“Collect moments, not things”

Our love of travel began quite accidentally.  With a small budget and four children, our vacations usually meant driving across the country to visit family in Texas and New Mexico.   I cherish those memories as a family, but our world expanded when our oldest child was a senior in high school.  We were planning a trip to Colorado to ski during spring break, but costs for lodging and skiing had dramatically increased.  

Our second son found an amazing deal for air fare and lodging at an alpine lodge in the southern Alps mountains in France.  We thought that since we would probably never go back overseas, we would tack on a train tour of Italy.   It was a little intimidating because we don’t speak other languages, we had no experience with jet lag, different monetary systems, and train travel.  

But, we fell in love!   The food, the history, the cultural experience, and the art captured our imaginations.   We had to do it again, we had to introduce our students to this amazing adventure.

Mark Twain was a world traveler and one of his more famous quips makes a lot of sense, “Travel is fatal to prejudice, bigotry, and narrowmindeness and many of our people need it sorely on these accounts.   Broad, wholesome, charitable views of men and things cannot be acquired by vegetating  in one little corner of the earth all ones lifetime.”   

We began to expand trips to Washington DC, Dauphin Island, New York, Chicago, Boston, and the southwest US with students and parents.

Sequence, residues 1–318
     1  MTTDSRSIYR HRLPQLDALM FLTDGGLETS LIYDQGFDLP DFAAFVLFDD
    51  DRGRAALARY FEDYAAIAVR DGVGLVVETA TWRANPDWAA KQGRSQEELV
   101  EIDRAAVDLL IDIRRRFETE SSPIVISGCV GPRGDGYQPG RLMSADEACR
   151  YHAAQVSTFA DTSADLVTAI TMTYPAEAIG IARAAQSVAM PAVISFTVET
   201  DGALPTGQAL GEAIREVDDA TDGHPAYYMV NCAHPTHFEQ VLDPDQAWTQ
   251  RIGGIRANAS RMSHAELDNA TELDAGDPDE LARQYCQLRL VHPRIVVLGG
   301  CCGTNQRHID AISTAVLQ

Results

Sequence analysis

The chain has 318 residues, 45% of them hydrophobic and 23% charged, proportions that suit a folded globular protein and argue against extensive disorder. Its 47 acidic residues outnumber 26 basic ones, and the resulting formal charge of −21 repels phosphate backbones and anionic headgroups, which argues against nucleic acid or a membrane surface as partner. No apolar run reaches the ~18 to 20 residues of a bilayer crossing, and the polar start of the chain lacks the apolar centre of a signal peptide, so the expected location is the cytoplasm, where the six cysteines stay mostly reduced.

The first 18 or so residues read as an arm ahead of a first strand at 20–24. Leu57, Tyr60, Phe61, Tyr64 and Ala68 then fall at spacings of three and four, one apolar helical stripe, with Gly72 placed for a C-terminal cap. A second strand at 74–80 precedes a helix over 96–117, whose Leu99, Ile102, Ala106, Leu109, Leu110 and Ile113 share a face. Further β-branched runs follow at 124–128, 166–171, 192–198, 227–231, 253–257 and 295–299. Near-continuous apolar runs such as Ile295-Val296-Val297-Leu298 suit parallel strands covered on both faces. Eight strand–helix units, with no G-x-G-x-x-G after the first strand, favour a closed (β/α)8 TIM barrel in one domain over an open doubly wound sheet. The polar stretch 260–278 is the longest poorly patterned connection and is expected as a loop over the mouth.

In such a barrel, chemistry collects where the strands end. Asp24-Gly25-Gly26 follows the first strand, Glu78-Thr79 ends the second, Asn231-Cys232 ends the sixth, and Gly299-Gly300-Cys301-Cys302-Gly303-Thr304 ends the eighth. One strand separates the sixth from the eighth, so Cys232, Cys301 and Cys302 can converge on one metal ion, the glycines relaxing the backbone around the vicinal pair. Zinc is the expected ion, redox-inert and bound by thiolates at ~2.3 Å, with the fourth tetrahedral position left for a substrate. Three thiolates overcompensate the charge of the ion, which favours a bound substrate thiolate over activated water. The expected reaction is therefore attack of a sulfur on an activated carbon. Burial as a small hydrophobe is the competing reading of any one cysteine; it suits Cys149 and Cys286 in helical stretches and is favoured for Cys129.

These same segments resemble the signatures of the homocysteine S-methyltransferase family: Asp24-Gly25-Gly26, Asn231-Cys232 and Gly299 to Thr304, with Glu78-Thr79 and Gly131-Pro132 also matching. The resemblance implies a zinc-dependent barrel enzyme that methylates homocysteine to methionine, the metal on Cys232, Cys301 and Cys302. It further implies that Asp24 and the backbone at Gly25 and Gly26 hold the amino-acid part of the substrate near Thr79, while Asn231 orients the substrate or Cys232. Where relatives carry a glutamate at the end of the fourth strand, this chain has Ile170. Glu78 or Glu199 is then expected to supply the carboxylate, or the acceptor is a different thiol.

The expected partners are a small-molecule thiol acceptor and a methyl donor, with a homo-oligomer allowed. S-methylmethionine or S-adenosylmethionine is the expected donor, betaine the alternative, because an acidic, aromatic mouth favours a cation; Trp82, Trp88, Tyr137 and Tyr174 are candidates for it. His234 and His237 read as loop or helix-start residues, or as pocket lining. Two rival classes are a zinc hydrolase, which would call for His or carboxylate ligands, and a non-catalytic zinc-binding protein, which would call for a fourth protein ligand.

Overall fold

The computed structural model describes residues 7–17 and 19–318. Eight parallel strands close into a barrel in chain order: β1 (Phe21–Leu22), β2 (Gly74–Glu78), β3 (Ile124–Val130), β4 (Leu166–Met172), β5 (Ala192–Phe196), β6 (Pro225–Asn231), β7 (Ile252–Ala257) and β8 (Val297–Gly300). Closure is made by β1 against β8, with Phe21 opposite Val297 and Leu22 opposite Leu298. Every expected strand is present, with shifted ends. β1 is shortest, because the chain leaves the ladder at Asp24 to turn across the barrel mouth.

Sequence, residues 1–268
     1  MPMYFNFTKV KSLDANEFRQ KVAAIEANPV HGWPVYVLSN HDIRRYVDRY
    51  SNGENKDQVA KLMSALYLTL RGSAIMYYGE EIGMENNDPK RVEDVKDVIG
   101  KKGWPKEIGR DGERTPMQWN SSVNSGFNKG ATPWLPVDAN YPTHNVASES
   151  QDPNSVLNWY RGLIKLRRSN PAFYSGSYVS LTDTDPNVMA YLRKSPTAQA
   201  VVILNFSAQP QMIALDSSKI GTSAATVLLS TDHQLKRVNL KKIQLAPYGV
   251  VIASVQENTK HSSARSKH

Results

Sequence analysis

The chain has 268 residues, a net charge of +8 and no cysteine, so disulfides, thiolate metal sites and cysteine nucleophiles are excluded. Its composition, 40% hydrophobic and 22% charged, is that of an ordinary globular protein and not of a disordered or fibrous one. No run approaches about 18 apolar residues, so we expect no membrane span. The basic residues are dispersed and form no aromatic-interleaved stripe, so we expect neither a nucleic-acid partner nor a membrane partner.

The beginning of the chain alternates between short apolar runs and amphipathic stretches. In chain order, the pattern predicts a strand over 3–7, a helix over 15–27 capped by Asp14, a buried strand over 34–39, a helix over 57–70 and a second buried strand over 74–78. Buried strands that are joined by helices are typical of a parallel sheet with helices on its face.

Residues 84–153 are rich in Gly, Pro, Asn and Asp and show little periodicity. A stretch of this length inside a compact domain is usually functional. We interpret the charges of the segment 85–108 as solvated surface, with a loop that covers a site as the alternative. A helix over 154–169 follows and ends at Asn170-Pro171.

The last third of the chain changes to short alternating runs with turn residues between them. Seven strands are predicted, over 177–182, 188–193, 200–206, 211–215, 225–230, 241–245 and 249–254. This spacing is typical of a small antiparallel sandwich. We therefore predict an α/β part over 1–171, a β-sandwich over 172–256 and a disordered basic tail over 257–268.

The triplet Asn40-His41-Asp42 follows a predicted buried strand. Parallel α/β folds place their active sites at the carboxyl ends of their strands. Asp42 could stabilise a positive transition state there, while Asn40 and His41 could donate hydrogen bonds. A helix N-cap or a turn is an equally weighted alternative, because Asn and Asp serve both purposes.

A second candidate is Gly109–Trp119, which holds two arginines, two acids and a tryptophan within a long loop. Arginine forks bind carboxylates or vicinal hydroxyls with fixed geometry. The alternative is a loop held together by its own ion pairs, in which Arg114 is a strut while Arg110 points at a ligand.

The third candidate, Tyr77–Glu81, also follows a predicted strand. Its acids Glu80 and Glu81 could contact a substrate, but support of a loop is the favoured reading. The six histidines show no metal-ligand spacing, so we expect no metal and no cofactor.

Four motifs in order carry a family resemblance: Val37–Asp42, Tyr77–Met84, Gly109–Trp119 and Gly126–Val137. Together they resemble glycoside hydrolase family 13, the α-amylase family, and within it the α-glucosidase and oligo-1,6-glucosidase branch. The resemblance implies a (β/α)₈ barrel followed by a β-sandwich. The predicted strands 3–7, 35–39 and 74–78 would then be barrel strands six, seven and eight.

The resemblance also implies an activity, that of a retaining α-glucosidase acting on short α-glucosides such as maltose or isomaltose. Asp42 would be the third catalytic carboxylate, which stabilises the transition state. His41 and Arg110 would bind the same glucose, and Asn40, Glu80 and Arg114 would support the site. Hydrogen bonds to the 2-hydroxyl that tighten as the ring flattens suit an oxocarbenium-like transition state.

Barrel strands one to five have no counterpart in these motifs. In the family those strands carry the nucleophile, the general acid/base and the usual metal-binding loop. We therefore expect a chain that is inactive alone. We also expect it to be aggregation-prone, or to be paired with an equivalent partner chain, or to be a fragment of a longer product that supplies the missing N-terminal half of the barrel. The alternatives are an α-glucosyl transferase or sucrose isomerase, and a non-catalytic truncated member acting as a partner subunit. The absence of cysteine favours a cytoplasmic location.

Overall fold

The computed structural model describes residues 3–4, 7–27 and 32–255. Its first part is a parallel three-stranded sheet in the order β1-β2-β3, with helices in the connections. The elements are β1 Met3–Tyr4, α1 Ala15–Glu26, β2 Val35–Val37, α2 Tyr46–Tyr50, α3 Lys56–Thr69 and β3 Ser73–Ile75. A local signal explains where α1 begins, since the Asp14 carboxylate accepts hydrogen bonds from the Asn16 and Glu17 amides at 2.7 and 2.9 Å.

In 1999 Dan took a group of ACA students and parents on a whirlwind trip to several European countries,  we saw how the trip brought the students together, made the history they studied in a classroom come alive, and created in  them a hunger to ‘see the world’.  

We have taken groups to Greece, Israel, Italy, Argentina, France, Austria, Andorra, Spain, Germany, China, and the Netherlands.  

We began to say, “The World is Our Classroom” and we watched as many graduates choose to study abroad, master a foreign language, or take their own families on educational and mission trips.   Two of our children lived in Paris for two years and received a masters degree from university there.   Now we are introducing our grandchildren to the experience of travel, and find that taking them  one or two at a time develops a deep relationship, but is also a longer-lasting gift than a toy an electronic gadget, or money.  

We have also found that travel with a group, especially one where you already have some connection is the perfect way to begin.  

The itinerary, transportation, touring and museum direction, and some meals give you freedom and confidence to ‘branch out on your own’.